headers = {...options.headers, headers};
delete options.headers;
return fetch(url, Object.assign({
... line 9
headers: headers,
}, options))
... lines 12 - 17
... lines 19 - 52

Try it! Move over - looks like the page already refreshed. And... yes! We can delete again!

And we are protected from CSRF! That's because, first, we do not allow other domains to make AJAX calls to our site and, second, all of our API endpoints require a JSON body - which we explicitly required by looking for the Content-Type header.

Oh my gosh.... we're done! That's it, that's everything! If you've made it all the way through, you rock! You have the tools to create the craziest frontend you can think of! And yes, there are more things in React that we could cover, like the React router or Redux, which adds a more complex architecture on top of React, but helps solve the problem of passing around so many props.

But, these are extras - go get some real-world success with React and report back! We'd love to know what you're building.

Alright people, seeya next time.

Leave a comment!

  • 2018-08-24 weaverryan

    Hey Askan Simon!

    Ah! So if you want external programs to use your API, that's different. That IS a more appropriate use-case for having API tokens. What I'd recommend is *two* authenticators: one for the normal, session-based authentication and another that allows token-based authentication. Then, you can use the session-based login for your JavaScript app and allow the external applications to send an API token.

    If you have some more questions about this, I'd be happy to answer :).


  • 2018-08-23 Askan Simon

    Dear weaverryan, thank you very much for your detailed answer.
    I thought lot about it and came to similar conclusions,
    and have rebuilt the app sessionbased like in your tutorial.
    But there is a disadvantage. How can I share the Api with
    other programs, that do not use the frontend? I think
    a new Route ("apiextern") and in additional authorisation
    etc. is the solution ;) Best Regards Askan

  • 2018-08-20 weaverryan

    Hey Askan Simon!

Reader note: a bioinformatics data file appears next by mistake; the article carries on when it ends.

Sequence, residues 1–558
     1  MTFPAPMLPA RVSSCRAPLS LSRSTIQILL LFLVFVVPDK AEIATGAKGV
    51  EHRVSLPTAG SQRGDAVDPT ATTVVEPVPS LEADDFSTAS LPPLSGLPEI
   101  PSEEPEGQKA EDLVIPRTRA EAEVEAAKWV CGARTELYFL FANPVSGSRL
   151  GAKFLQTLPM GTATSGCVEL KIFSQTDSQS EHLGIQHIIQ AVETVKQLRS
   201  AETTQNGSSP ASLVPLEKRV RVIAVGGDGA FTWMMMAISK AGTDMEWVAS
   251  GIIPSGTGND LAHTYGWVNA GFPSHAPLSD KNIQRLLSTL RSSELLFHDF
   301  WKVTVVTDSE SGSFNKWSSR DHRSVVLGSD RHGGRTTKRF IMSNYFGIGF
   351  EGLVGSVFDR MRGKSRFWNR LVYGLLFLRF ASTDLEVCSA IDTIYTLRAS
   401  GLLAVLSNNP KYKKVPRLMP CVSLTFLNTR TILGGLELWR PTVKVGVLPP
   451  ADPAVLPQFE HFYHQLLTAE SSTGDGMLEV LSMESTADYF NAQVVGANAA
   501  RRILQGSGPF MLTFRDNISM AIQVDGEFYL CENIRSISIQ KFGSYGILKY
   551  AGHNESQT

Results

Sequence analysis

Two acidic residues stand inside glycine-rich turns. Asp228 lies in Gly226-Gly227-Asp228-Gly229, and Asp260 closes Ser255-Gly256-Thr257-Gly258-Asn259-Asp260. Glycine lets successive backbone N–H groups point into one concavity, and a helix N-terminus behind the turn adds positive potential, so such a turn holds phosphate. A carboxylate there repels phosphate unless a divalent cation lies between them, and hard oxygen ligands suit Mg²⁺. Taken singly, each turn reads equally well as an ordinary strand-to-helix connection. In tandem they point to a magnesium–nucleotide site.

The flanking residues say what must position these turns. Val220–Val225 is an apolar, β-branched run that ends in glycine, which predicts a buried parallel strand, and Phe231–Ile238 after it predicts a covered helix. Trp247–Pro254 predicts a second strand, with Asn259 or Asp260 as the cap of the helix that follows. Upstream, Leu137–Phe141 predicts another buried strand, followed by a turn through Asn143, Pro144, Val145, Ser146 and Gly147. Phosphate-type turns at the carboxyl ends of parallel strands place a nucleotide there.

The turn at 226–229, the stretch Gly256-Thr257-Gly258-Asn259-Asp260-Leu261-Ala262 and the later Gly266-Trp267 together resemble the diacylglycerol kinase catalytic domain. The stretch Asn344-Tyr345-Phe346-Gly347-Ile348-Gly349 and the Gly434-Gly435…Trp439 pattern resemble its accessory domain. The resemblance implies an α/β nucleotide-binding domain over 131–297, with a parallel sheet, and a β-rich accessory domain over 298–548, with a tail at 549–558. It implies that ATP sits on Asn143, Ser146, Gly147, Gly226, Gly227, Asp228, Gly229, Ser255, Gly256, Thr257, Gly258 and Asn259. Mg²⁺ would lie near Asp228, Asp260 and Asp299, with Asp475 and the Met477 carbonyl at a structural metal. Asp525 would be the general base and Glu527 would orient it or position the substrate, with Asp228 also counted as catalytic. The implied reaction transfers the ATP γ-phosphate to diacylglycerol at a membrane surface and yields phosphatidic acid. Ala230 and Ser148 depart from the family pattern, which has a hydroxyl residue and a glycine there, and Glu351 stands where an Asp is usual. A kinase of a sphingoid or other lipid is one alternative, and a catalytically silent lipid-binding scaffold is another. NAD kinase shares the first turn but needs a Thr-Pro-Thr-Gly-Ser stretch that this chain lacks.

Great question :). Your first option is ... don't use API keys! Just use session-based storage and cookies like we do in this tutorial. It's simple & secure (as long as you have your user use HTTPS, which you always should). But yes, I see you are already using API keys ;).

    The issue with API tokens is where to store them? And, honestly, there's a lot of conflicting info about this. For example: - according to this resource, using local storage is not an option (though it would be really simple!). Other places - (which is a great site I trust) - absolutely show local storage being used - they even show it in their quick starter docs:

    So... there is clearly some security issues with using local storage... though *how* big of a deal, is debated :/. You're right that putting the API key as a global JavaScript variable is not a good idea. Well, it's actually the same as "local storage" - other JavaScript running on your page could access it.

    So, use local storage... or if you really care about security, use sessions & cookies :). That's probably not the exact answer you wanted, but that's the state of things :).


  • 2018-08-18 Askan Simon

    Hello. Thank you for the great tutorial. I already had an API with ApiKeys:
    everything works great. But I do not want to build a Single Page Application,
    how can React remember the ApiKey between two page views? I think it's not
    so good to hand it over via Twig ;) (I am a beginner with React...) Thank you

  • 2018-08-17 weaverryan

    Hey Matt Johnson!

    Dude, you're 100% correct! This one still makes my head hurt... so I don't use it... yet. But, there have been many other ES6 things that I once did not like, and now love ;).

    Glad you like the tutorial!


  • 2018-08-17 Matt Johnson

    Awesome, great tutorials!

    FYI with ES6 you don't have to add an object key when adding a variable to an object, so long as that variable's name matches the key. So in this case instead of

    credentials: 'same-origin',
    headers: headers
    }, options)

    You can just put:

    credentials: 'same-origin',
    }, options)

    Does the same thing!

  • 2018-08-16 weaverryan

    Hey Milan Vlach!

    You're just *barely* too early - the video is posted now :). And, I'm *thrilled* you found the course useful - I had such a great time writing it with Franks help! And yes, Redux is absolutely something we're thinking about... it's not a certainty yet... we're waiting to see more people ask for it. However, this tutorial has been very well-received, so I think there will be good demand to keep going with Redux.


  • 2018-08-15 Milan Vlach

    Cool guys!

    I am a little bit too soon here, but that is because you made such a great course which I have been returning to every day! What a ride! Are you planning on adding Redux course too? You could call it something like: "JavaScript for PHP Geeks: Redux for the legends (with symfony)". :imagine_sun_glasses_emoji_here: